Studio: Shout Factory
Cast: Patty Duke, William Schallert, Jean Byron, Paul O'Keefe, Eddie Applegate
Director: Stanley Prager, William Asher
Release Date: September 29, 2009
Rating: Not Rated for (nothing objectionable)
Run Time: 15h:00m:00s
Genre(s): television, comedy
"You'te the most exciting thing that's ever happened to this family!" - Natalie Lane (Jean Byron)
The fine folks at Shout Factory have put together a quality presentation of a surprisingly tasteful and entertaining (if never brilliant) TV classic.
Movie Grade: B
DVD Grade: A-
Perhaps the most surprising bit about Patty Duke is the general lack of silliness. Sure, it's a mid-60s sitcom about a pair of genetically unlikely cousins, but the show plays it cool for the most part. That hook itself is, indeed, oft-ignored in the episodes of the first season. The girls may occasionally pull a fast one on their parents, teachers, etc., but real use of the contrivance is rare. So rare that it's easy to wonder why they even bothered. It would be as if Gilliganís Island only occasionally featured Gilligan. Iím not sure if thatís a compliment or not: on the one hand, it feels a bit like a gyp to tune into a show about identical cousins only to see them pursuing their own storylines, and generally avoiding doing much that required identicality. On the other hand, itís a pretty silly premise, and the show most likely benefits from glossing over it. The young Duke, by then already an Oscar-winner at 16, elevates the show by her presence. Patty and Cathy both play as distinct characters, as only a young actress of Duke's caliber could have pulled off. It ain't Shakespeare, but by taking both characters seriously, she prevents the show from descending into the wackiness that could've otherwise ensued. She lends a bit of poignancy to prim and worldly Cathy, a friendless and awkward fish out of water in 1960s Brooklyn Heights. When watching the first season of the show, I often found myself forgetting that Cathy was a bit of a gimmick. Itís not because the split-screen special effects and body-doubles were particularly impressive. Theyíre pretty good, actually, but the suspension of disbelief comes because the cast plays it straight. Character actor and TV-mainstay William Schallert (of too many series to recount, but most recently the mayor of True Blood's Bon Temps) similarly anchors the show with a straight face. While the show generally lacks laugh-out-loud moments, it also blissfully lacks much of the sickly sweet quality of sitcoms of its era. Patty is lazy, messy, and even rebellious in a TV-friendly way, and is probably the most realistic teenager of the eraís TV (which, granted, is not saying much).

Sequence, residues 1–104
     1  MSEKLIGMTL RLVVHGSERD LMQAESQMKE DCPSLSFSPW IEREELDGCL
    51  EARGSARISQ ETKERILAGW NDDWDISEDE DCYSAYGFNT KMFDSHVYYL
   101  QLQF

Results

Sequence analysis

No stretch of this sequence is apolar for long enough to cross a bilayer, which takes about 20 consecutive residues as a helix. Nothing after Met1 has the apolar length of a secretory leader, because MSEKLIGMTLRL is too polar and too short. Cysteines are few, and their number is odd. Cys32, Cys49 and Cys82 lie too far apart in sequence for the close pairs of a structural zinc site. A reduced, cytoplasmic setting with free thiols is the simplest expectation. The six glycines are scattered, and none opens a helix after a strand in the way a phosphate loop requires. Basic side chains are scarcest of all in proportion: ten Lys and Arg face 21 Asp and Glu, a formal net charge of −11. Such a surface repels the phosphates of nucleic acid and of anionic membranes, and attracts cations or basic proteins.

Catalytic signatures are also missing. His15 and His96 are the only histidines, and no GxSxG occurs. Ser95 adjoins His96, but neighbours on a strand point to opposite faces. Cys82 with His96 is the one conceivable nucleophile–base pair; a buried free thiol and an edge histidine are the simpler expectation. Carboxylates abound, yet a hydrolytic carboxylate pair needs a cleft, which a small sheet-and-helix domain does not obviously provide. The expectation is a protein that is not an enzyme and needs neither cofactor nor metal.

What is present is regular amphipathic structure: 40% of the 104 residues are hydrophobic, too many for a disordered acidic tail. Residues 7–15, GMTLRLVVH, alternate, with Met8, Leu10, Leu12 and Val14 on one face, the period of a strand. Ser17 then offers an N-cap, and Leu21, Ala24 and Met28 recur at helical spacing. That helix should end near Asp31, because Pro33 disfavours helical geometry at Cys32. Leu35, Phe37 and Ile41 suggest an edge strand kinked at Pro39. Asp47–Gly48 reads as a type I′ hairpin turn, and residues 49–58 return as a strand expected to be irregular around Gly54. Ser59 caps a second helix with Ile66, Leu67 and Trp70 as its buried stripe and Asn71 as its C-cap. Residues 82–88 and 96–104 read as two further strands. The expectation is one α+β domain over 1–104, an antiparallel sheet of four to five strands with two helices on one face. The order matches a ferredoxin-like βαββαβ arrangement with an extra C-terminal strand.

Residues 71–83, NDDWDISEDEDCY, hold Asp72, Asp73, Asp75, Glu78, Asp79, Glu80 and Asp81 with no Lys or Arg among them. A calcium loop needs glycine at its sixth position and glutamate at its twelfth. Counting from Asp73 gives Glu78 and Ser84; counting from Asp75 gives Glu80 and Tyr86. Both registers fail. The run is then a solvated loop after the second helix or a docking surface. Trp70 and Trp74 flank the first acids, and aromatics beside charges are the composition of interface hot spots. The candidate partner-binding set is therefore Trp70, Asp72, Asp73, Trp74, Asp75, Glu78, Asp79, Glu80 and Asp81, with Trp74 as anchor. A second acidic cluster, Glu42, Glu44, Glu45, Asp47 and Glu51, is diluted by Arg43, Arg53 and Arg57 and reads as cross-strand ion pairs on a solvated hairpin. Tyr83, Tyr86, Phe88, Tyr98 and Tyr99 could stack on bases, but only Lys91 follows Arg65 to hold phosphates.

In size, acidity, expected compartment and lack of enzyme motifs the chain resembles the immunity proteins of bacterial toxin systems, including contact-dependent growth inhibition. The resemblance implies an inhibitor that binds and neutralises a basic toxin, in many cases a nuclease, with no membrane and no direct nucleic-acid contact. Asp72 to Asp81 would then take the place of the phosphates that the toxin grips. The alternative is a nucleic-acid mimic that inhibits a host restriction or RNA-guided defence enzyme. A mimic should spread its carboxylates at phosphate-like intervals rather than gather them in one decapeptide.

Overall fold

Still, this is standard sitcom fareóPatty takes up a babysitting gig with predictably wacky results, the girls fight over a dreamboat of a foreign-exchange student, Cathy takes lessons in how to be popular. And, like any big sitcom of its era, the show has its share of then-and-soon to be stars that pop in: Jimmy Dean appears as himself; the ubiquitous Charles Nelson Reilly shows up as the football coach. Margaret Hamilton (The Wizard of Oz's Wicked Witch) recurs as the Lane's oft-stupefied maid. A very young but otherwise recognizable John Spencer (The West Wing) appears once or twice as Cathy's love interest.
Best-selling author and Academy Award-winner Sidney Sheldon created the show and writes almost every single episode, an almost-unprecedented feat that lends the show a consistency of tone absent from many shows before or since. The show definitely doesnít achieve all-time great status, but it manages to be charming, soothing without being treacly, and a little bit addictive. The Patty Duke Show and get appropriately respectful treatment from the fine folks at Shout Factory, who do a consistently great job with these types of things. The box includes a booklet with episode descriptions and trivia, and the one extra is slight, but a treat. Itís a fourteen minute set of cast interviews with Duke, William Schallert and Paul OíKeefe (Pattyís long-suffering boyfriend Richard). There are no scandalous tales, as all three have nothing but nice things to say about the show and their time involved. Thatís not such a bad thing. The video quality is generally quite good for a show of its age, and it looks quite a bit better than the reruns that I recall seeing on Nick-at-Nite in the early 90s. The audio is sometimes less than spectacular and often a bit muddled, but itís not distracting. Clearly, this type of thing isnít going to be for everyone. There are probably two main audiences: those nostalgic for the show as they saw it in the 60s, and those a bit younger who caught the show later on cable. Both groups should be pleased with the presentation and should also, as I did, find that the show still works on its own modest terms.
Posted by: Ross Johnson - November 4, 2009, 1:17 am - DVD Review
Keywords: television, comedy